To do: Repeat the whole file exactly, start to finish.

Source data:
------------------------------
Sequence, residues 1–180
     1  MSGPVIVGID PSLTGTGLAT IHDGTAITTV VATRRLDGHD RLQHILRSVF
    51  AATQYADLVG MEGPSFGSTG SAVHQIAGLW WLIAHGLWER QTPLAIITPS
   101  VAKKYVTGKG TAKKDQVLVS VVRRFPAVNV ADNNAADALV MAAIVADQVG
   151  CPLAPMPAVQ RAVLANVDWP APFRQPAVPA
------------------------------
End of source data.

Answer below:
Sequence, residues 1–180
     1  MSGPVIVGID PSLTGTGLAT IHDGTAITTV VATRRLDGHD RLQHILRSVF
    51  AATQYADLVG MEGPSFGSTG SAVHQIAGLW WLIAHGLWER QTPLAIITPS
   101  VAKKYVTGKG TAKKDQVLVS VVRRFPAVNV ADNNAADALV MAAIVADQVG
   151  CPLAPMPAVQ RAVLANVDWP APFRQPAVPA